I would also point out that the NNT (number needed to treat) is estimated at 30:1 down to 8:1 (this latter example came from incidental diagnoses, so is unduly ‘good’ – the unscreened population will be higher). So, an estimate would be that to save one life somewhere between 8 to 30 (15 might be a reasonable guess…) need to be removed to save one life. This is not stratified for age – it would seem logical to think that comparing young versus old might produce better numbers. Perhaps i’m a risk taker – but these sort of numbers would not have me rushing to treatment – unless the side effect profile improves a lot.
Further disclaimer; i’m not a statisitician or clinician, and would heartily agree that in the younger patient there may be a preponderance of more aggressive disease that needs urgent intervention.
Your comment reflects some serious thought and research on this, things largely absent from the Slate piece. As mentioned in an earlier comment, it may well be that the Slate authors were only seeking generate a lot of controversy and clicks, rather than any kind of serious discussion.
The problem with Movember is not the cause it supports, but the incredibly hackneyed way in which it goes about it.
Prostate cancer deserves recognition and funding, but not through the method of using lame, vaguely misogynist, racist, and otherwise divisive tactics.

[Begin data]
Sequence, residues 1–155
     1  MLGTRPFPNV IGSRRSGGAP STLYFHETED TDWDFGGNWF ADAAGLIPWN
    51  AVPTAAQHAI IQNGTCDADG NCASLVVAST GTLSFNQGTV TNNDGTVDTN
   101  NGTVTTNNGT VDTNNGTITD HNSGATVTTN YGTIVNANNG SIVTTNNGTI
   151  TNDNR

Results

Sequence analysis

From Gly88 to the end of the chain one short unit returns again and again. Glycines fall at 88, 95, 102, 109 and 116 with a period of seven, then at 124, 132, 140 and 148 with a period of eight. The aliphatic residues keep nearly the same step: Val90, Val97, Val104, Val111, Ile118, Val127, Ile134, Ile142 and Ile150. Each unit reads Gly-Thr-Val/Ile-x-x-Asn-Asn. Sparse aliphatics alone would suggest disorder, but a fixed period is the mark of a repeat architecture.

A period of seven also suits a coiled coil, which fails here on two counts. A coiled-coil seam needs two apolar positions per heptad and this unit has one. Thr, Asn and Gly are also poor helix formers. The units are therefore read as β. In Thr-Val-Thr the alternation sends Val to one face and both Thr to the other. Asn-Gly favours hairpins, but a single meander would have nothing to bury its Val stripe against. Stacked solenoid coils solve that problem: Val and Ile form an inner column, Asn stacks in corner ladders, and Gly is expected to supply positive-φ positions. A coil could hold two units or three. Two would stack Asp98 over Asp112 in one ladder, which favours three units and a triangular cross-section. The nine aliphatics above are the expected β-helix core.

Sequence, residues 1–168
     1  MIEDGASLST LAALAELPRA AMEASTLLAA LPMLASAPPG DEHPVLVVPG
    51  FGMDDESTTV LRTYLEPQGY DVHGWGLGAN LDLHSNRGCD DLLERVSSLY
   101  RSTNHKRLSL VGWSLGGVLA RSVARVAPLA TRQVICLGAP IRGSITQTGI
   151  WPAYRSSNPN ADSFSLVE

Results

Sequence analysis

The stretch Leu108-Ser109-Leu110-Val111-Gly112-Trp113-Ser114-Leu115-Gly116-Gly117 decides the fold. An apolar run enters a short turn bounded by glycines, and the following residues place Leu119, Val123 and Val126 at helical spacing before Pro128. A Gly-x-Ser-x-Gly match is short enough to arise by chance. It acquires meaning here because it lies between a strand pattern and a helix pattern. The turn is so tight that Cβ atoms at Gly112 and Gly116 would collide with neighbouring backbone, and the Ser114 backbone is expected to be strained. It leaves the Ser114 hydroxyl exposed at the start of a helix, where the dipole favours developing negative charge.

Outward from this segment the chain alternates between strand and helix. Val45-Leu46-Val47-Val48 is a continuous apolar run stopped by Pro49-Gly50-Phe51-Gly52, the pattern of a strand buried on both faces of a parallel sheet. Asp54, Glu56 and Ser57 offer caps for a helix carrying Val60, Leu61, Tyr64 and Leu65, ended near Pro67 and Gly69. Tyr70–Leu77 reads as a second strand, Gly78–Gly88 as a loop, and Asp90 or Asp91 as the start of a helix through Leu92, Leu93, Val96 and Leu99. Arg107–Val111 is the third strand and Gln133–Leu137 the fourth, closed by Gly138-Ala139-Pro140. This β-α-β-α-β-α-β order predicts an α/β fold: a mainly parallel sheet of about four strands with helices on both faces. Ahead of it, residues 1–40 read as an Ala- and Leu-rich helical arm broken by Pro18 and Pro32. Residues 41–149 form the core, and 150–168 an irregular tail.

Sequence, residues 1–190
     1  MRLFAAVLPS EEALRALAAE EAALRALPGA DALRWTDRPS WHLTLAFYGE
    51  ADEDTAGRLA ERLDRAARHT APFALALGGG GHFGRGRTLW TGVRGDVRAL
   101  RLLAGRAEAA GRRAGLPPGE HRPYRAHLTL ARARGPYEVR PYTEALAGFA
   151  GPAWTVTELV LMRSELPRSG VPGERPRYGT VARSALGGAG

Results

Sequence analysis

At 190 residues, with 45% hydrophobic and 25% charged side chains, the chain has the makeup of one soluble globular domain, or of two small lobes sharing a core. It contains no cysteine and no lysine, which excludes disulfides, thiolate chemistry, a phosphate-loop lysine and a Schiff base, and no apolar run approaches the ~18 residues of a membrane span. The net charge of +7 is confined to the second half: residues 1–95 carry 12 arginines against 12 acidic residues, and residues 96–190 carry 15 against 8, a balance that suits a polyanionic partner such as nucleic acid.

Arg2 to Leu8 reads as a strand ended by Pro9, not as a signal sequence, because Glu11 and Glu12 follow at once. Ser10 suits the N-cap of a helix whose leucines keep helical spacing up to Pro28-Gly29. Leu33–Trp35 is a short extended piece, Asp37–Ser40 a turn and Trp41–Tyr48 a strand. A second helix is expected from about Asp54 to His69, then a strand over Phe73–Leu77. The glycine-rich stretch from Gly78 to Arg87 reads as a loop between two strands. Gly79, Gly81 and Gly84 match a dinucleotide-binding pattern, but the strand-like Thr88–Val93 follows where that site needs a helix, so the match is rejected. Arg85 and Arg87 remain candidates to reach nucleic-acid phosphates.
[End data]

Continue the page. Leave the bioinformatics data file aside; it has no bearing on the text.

I can see your points, but the Slate article is itself destructive and misleading about prostate cancer itself.
I stopped reading at “microaggression”. Enough said right there. It’s simply not a serious article, and it must not be taken seriously. (That aside, Slate hasn’t been relevant in years. They’re on the “Gawker” business model now: Clickbait, hyperbole and sensationalism, wholly low-brow content….)
You are right. They are just after traffic. In hindsight today I wonder if some of their statements in their article are things they don’t even believe but they just said them to get their article more attention.
The numbers you quote day it all: 250,000 cases of prostate cancer diagnosed in the U.S. every year and 30,000 deaths per year. We have an enormous problem in this country with over diagnosis and over treatment of prostate cancer. The tough nut to crack here is how do we separate the men who go on to die of prostate cancer from the very large numbers of men who have prostate cancer and die of something else?
Right now, that answer is not apparent.
In cases like yours (and mine, a T3, Gleason grade 9 diagnosed at age 49), treatment is basically a no brainer, but in older men who have so-called ordinary prostate cancers, it is not. I have seen several cases recently of older men who had radical prostatectomies and recurred more than 20 years later. This makes me wonder whether the treatments that are available have any effect at all on the natural history of the disease, and if they do not, why are we continuing to push PSA screening, surgery and, mostly, at least in my area, radiation on these older men?
I tend to agree with the current recommendation for no screening for men of ordinary risk, simply because I do not think that the risk to benefit ratio is acceptable. I think we need to find a biological marker that is more specific to prostate cancer. PSA is a prostate marker, not a prostate cancer marker.
You raise excellent points.
I wish the Slate article had delved into these very real, substantive issues.
I wrote about PSA testing a few years back: https://www.ipscell.com/2011/10/should-men-get-psa-tests-yes-but/ …I probably need to revisit the issue.
More research is needed, but so is more public discussion, educational outreach, etc.
Thanks for the comment.